public class AjaxOnlyAttribute: ActionMethodSelectorAttribute
public override Boolean IsValidForRequest(
ControllerContext controllerContext, MethodInfo methodInfo)
Now let’s review some of the challenges you might run into when using AJAX with ASP.NET MVC.
Handling Failures Effectively
The AJAX infrastructure you find in ASP.NET MVC offers two distinct callbacks to handle success and failure of a request. These callbacks might seem sufficient, but let's say you have a view that contains a classic HTML form and a submit button. All you want to do is post any content asynchronously and refresh a particular DIV in the page with any response. What should you do in case of a server error?
The difficulty occurs if you need to apply a different behavior on the client for success and failure. In an AJAX scenario, a successful operation likely requires that you display a temporary message to notify success and then route the user to the next screen. In case of failure, you want to display the message and stay on the current page.
To solve the issue, I created a new action result class (Figure 5) that operates like a standard view result—except that it allows you to set the HTTP status. Figure 6 shows how you use this action result class. The action result object will take the specified view, populate it with the response object (it's a custom class that typically contains a Boolean flag and error information), and return the final markup.
Detecting Cookie Expiration
In classic ASP.NET, you're allowed to have protected pages that only authorized users can access. In ASP.NET MVC, the same underlying mechanism is exposed through the Authorize attribute. The feature works well, except when you have a lot of AJAX requests in the application and the authentication cookie expires.
If you place a non-AJAX request, and the authentication cookie has expired (i.e., the timeout is set to just a few minutes and the user leaves his desk), you run into some problems. On the next request, the mechanism detects the cookie is invalid and correctly redirects you to the specified login page. Unfortunately, the login markup is sent in the context of an AJAX call so it likely will end up being inserted in any DOM location where the original response was expected. The solution consists of adding code to the method that will display the login view. The sample method below produces a view with a login box:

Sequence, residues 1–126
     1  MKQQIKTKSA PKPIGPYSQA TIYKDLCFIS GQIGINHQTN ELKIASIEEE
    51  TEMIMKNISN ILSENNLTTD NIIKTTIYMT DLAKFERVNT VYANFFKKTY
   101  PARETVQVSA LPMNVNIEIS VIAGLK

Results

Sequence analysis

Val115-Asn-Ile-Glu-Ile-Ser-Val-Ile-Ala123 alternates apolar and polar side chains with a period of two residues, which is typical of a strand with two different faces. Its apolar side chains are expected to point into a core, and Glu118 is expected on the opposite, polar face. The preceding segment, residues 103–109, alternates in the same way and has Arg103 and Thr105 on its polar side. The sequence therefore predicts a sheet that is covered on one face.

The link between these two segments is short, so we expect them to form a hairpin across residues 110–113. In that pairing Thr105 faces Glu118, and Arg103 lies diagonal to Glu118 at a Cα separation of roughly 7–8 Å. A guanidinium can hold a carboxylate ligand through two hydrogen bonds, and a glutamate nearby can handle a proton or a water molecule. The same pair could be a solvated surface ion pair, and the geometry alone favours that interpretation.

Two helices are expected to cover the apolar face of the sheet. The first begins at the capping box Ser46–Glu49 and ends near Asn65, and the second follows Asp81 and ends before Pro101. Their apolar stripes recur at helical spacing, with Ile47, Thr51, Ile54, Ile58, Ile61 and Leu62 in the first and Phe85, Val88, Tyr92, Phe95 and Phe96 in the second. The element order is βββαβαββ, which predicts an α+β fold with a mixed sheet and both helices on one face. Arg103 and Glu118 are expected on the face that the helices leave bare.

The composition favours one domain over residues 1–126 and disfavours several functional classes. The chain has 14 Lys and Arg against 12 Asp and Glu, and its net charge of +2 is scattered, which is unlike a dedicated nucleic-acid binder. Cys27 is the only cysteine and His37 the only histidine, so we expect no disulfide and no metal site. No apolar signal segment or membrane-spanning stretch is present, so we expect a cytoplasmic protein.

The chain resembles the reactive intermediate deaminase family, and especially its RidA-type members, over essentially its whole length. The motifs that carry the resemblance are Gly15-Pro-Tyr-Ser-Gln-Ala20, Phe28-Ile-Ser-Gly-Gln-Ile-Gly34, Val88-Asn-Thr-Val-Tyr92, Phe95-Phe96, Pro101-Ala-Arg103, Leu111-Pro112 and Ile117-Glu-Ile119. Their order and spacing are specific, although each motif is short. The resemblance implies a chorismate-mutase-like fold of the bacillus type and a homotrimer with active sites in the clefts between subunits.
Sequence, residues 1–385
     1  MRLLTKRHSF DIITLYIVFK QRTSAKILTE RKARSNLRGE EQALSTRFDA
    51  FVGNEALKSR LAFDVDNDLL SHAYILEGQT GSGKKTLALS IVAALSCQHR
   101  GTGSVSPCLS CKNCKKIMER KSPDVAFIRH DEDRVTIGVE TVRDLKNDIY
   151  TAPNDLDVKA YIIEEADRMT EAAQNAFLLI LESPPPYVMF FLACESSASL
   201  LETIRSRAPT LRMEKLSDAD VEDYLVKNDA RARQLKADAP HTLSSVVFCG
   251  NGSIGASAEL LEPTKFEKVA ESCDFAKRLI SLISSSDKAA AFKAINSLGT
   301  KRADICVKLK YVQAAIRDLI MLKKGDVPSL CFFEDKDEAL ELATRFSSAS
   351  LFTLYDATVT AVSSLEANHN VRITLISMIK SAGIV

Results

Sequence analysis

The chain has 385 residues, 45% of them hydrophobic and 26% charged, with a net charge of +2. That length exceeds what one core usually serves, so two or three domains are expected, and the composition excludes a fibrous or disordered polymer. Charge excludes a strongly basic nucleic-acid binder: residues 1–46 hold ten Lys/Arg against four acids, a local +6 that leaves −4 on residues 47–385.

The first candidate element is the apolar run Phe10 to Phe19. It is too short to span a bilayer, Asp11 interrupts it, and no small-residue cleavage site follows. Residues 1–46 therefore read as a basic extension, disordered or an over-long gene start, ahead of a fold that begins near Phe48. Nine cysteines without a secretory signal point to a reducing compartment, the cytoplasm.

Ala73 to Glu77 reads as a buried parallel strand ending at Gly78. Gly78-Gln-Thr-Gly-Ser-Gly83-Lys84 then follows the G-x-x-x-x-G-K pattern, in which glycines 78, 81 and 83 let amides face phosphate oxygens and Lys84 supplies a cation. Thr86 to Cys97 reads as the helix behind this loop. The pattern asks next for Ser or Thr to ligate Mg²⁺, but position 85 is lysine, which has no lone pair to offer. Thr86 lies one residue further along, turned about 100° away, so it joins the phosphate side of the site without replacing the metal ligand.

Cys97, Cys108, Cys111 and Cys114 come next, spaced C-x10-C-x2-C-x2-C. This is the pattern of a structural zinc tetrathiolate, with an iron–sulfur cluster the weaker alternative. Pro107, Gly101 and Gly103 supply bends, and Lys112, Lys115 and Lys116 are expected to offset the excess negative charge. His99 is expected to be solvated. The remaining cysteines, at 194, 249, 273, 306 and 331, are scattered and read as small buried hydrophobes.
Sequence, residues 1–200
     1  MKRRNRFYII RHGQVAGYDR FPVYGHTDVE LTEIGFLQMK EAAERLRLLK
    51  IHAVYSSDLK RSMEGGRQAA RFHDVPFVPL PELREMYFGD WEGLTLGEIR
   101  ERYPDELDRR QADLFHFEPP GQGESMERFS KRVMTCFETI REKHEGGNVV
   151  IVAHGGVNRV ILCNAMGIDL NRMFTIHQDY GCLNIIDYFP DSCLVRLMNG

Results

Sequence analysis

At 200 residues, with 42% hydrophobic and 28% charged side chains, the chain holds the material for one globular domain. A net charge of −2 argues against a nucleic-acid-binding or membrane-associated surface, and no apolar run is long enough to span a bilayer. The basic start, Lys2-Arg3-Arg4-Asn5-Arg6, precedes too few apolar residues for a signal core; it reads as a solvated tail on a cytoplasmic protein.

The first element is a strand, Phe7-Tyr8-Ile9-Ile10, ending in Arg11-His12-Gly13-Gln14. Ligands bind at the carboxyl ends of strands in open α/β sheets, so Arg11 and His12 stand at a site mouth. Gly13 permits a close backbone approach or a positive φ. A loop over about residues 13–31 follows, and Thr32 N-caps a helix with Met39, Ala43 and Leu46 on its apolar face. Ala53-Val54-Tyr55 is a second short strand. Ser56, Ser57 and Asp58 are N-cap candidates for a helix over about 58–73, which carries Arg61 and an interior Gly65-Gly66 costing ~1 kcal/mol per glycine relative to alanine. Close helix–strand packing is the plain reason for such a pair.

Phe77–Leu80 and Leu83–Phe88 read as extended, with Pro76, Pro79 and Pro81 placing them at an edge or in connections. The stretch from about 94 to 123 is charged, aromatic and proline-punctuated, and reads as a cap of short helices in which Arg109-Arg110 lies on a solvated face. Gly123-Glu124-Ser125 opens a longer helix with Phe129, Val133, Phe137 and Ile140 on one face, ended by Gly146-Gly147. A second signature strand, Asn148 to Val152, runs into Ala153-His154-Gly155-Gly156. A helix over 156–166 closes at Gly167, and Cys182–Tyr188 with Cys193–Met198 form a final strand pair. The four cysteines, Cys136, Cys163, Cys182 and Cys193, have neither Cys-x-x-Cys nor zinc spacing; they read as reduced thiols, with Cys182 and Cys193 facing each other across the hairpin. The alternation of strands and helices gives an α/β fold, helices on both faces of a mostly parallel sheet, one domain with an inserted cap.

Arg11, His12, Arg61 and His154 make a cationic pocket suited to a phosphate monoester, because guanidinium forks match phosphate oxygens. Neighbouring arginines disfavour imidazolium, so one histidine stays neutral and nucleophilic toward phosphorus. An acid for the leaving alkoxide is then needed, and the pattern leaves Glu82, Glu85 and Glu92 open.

public ActionResult Index(String returnUrl)
return RedirectToAction("Relogin", "Account");
If the login URL is invoked with the return URL parameter set, and the application is only doing its work with AJAX, then you can conclude that you need to return just the login box instead of the classic login page. You redirect to an AJAX login page that outputs markup like that shown below:
You need to reconnect
<a href="/home/index"> Click here to log in again </a>
This message will appear no matter what the user does after the authentication cookie expires. To log back in, a user simply follows the link. If you’re using both AJAX and HTML requests, things are trickier and you have to track in some way whether or not the original request is AJAX. Checking the Request object from a method like Index won’t work because that request has been originated as HTTP 302 and doesn’t natively contain any specific AJAX header.
Another common issue you might encounter when using AJAX in ASP.NET MVC is updating multiple segments of the view after an async request. To address this issue, though, some modifications are required to the AJAX programming interface of the entire MVC framework. You can find your way to that by serving your own copy of the MicrosoftMvcAjax.js file, or you can wait for MVC3, where this feature is expected to be addressed.